wonders in building roads and schools and hospitals in these twenty years, gave way to the lovely
mountains where the Germans live. You only had to travel this road to see why the Czechoslovaks
could not give up the Sudeten lands and remain independent. It was like a walled city; give up the
walls, and how could you defend what lay within?

In Reichenberg, where once, only three-years before, I had seen Nadya dancing and found a quiet
town full of contented people, were all the signs of things to come that I knew from the last days of
Austria. Hitlerist uniforms and badges were forbidden, but the young Nazis knew the way to get
round these bans. The young men wore white stockings and shorts, the girls Dirndl dresses, and all
saluted each other with the upraised arm and 'Heil', leaving out the Hitler for the time being. The
word had been passed round that 'He' was coming soon.

I sat on the balcony of the hotel in the market square and drank coffee with Jan Czech, who insisted
on paying for his own. The waiter, the guests, looked askance at us. Here everybody knew
everybody, there was a grape-vine system of unspoken inter-communication between the Germans
that you could feel like a living thing. They knew that we did not belong, they had seen the Prague
number plate on our car.

On the car, too, was a token from the Sokol Congress in Prague, and the Nazis hated the Sokols.
Outwardly orderly, they were already working on the nerves of the Czech minority, in the manner
they have perfected by practice in Germany and Austria, with dark hints of what was to come, of
concentration camps and beatings and vengeance generally.

Jan Czech took no notice at all of these things. Unruffled, he looked down from the balcony, and
seemed not to see the hostile and menacing glances, the muttered words exchanged. Only once did
they succeed in stinging him. We were looking for the British Consulate and, stopping the car, he
asked a woman politely and in perfect German if she could tell him the way. 'British Consulate?'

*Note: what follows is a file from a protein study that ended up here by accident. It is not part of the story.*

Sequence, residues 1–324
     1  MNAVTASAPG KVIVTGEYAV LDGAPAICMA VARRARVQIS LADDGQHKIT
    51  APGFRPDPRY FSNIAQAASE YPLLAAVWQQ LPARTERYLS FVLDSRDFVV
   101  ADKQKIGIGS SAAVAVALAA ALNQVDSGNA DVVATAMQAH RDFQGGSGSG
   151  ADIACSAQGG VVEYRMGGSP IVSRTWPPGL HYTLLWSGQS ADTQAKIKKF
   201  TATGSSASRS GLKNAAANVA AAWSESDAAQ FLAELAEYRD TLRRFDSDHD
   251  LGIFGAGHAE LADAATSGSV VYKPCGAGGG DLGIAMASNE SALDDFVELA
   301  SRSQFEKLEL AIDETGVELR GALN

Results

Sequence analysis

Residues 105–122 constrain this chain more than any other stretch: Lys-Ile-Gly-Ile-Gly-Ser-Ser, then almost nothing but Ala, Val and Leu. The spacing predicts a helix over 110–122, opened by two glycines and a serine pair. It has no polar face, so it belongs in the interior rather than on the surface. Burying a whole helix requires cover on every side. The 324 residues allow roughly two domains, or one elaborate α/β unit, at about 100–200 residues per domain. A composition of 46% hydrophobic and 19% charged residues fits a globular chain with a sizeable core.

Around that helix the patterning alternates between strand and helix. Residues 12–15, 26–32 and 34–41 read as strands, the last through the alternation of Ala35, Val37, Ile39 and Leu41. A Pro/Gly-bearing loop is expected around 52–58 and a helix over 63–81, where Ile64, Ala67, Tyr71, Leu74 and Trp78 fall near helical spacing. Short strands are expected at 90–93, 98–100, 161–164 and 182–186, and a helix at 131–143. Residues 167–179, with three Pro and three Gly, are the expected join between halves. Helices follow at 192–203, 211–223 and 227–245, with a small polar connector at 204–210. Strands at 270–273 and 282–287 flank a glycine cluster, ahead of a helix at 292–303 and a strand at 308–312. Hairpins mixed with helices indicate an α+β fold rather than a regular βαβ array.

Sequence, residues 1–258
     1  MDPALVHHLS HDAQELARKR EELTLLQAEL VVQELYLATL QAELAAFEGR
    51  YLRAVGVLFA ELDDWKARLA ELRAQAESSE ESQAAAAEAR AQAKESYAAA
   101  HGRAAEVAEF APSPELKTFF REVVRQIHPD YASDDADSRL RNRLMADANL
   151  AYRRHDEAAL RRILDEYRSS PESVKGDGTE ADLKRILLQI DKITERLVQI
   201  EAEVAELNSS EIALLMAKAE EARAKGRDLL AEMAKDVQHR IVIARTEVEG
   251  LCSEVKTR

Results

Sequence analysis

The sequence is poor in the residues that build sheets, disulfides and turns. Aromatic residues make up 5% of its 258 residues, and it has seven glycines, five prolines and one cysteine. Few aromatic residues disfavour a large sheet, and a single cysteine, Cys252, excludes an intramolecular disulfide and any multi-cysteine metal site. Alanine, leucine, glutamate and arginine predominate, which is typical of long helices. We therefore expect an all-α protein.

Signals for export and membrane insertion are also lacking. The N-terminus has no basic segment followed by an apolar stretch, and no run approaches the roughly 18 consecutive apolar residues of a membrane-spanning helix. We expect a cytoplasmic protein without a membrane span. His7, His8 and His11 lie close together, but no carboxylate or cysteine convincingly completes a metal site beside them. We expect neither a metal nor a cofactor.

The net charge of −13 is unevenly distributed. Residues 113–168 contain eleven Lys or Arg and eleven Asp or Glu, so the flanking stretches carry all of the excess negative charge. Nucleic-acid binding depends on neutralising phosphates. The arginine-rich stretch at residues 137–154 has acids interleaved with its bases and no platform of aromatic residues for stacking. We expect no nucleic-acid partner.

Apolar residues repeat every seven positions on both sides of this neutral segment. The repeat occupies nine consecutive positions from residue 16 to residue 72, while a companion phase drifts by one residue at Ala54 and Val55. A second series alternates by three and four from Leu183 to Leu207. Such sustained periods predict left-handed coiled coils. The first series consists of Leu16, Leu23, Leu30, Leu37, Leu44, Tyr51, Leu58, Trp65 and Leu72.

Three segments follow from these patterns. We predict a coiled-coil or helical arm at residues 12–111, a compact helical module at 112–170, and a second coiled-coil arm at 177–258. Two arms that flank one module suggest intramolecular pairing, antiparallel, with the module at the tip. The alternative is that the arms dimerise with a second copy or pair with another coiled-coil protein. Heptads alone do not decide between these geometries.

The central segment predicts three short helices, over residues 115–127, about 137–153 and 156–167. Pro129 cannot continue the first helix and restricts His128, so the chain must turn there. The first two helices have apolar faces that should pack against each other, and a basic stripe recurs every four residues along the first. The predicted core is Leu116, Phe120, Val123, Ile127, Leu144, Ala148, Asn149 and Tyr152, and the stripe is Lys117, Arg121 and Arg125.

she answered challengingly. 'No, but I can tell you where the German Consulate is if you like.'

Jan Czech slipped in the clutch and drove on, a little red in the face. 'Ach, ja, Deutsch,' he muttered,
and then his lips closed again and his face regained its resolute serenity. I saw that same expression
on the face of the Czech policeman, quietly directing the traffic, on the faces of the few Czech
officers and soldiers, lonely men in a hostile town, who were in the streets.

Then we drove on, through one German village after another, to the frontier. The Nazis, who had
been making trouble everywhere in order to give the pretext for German intervention, and had in
the streets been spitting at Czech officers who had been ordered at all costs to avoid clashes, had
been abruptly checked by the mobilization. They saw now that intervention would mean heavy
fighting in their own country. They were perfectly orderly.

In all that drive I saw only a handful of troops, and yet the frontier defences were fully manned and
ready. At a spot where the road fell steeply on one side and rose steeply on the other, so that tanks
or mechanized divisions could not make a detour, the road was mined and through the trees you
could see two or three soldiers, with a little tent, smoking and talking as they waited for the order.
Near the frontier, concrete barriers had been built across the road, to check the progress of tanks.
Sometimes, in a field of growing corn, you saw the humped back of a concrete machine-gun post,
with a solitary Czech soldier watching your car through field-glasses to see if you were taking
photographs. At the frontier itself two or three Czech gendarmes and customs officials, stranded out
here in a hostile countryside, far from their fellows.

Down the road, a kilometre distant, I saw, for the first time since they marched into Austria, the
Germans. Little toylike figures in the distance, standing about the customs barrier in the sunshine.
All around, placid, abundant, sunlit fields, with peasants working in them. Beyond, rolling, well-
tended hills, with not a hint of menace in them - Germany.

I drove back to Prague with Jan Czech. That evening I ate at Manes, on the wooden veranda, with
its coloured lights, overhanging the Moldau. Music, and coloured spirals in the water. A crescent
moon over the Hradschin. In all Europe that I have seen I know of no lovelier place to dine. All
around me young and carefree people or quiet and solid elders enjoying an evening meal in this
fresh air, at once cool and warm.

As I sat there white fingers stabbed into the sky and probed about and fastened together upon a
glittering moth that came humming down along the Moldau. They held it and held it and then let go
and it vanished into the night. Half an hour later it came again, and again they groped about for it
and found it and followed it and let it go, and a third time, and a fourth.

It was the symbol of the menace that hung over Prague. I watched it and then turned and watched
the people round me. They raised their heads from their conversation and looked at it, gravely,
without fear or surprise, then turned back to each other, made some quiet remark, and began to eat
again. They were unafraid and calm. I sat as long as I could, until the last of the guests had gone,
watching the moon fall behind the Hradschin, the lights go out and the water darken.

***

Chapter Six